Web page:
In most cases, the pricing model will be set by your writer. Get familiar with these three options before you start hiring freelance writers for your content needs.
Content Pricing Model #1: Pay Per Hour
This is the tried and true standard for most client services relationships.
You discuss the project with your freelancer, agree to a per-hour rate, and come up with an estimate of how long the assignment will take. When you’re working with a true professional, they’ll likely have a good idea of how long the writing will take as long as you provide clear enough instructions.
But does this pricing model really hold up when applied to the writing process?
In my experience, not so much. When I was doing a lot of freelance writing work, I found hourly payment models weren’t so motivating. Before I even started the assignment, I was already on a time crunch. That often led to roadblocks in quality of work.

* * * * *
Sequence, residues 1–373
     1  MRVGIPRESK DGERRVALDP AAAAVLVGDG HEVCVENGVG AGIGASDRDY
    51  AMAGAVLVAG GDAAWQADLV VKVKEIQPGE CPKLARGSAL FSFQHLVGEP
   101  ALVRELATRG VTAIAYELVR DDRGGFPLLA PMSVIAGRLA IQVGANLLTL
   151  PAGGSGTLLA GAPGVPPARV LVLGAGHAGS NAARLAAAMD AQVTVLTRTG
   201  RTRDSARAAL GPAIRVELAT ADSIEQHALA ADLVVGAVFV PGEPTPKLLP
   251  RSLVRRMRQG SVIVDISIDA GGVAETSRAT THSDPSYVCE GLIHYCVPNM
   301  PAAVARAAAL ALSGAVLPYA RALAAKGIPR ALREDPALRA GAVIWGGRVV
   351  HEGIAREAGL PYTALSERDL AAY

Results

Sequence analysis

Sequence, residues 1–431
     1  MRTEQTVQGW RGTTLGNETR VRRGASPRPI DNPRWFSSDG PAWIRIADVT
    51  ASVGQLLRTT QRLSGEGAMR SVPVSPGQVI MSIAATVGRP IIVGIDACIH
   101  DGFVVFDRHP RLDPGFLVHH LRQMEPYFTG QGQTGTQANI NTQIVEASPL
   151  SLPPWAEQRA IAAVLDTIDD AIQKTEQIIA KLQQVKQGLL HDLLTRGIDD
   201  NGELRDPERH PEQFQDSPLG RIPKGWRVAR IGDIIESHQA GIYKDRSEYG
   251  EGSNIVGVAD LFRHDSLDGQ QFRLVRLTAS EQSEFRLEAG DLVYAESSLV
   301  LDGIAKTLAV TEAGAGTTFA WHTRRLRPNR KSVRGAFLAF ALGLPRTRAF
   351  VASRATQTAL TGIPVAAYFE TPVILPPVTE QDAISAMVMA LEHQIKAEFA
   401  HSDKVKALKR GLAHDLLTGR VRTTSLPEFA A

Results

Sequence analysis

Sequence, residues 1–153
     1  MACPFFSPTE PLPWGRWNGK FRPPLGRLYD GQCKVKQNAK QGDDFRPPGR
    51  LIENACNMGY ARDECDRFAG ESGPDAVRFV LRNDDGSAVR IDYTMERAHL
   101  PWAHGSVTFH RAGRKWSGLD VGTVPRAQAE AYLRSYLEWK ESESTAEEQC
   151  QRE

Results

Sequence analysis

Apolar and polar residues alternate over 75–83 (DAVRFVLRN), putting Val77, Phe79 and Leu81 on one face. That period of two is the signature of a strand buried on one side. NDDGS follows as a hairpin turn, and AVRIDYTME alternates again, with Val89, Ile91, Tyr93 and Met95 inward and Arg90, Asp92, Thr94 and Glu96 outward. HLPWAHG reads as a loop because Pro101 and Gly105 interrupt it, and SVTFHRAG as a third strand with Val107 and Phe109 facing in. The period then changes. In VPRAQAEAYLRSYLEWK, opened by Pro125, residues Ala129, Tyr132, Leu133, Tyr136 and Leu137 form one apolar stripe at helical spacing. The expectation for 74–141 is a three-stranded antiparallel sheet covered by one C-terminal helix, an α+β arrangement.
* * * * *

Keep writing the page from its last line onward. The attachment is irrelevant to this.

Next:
Say you hire the freelance writer for $50/hour. They estimate that your assignment will take between 3 and 4 hours to complete, so you agree to a budget of around $200. While that might work on your end, the writer has to consider how that rate fits into their revenue goals for the month and year.
Suddenly, the writer has no room for flexibility in the time spent on your post. If the research phase runs long, they’ll have to rush through the writing phase. Or, they’ll power right through the 3- to 4-hour allotment in an effort to give you the best piece of content possible — and expect compensation for the additional hours of work.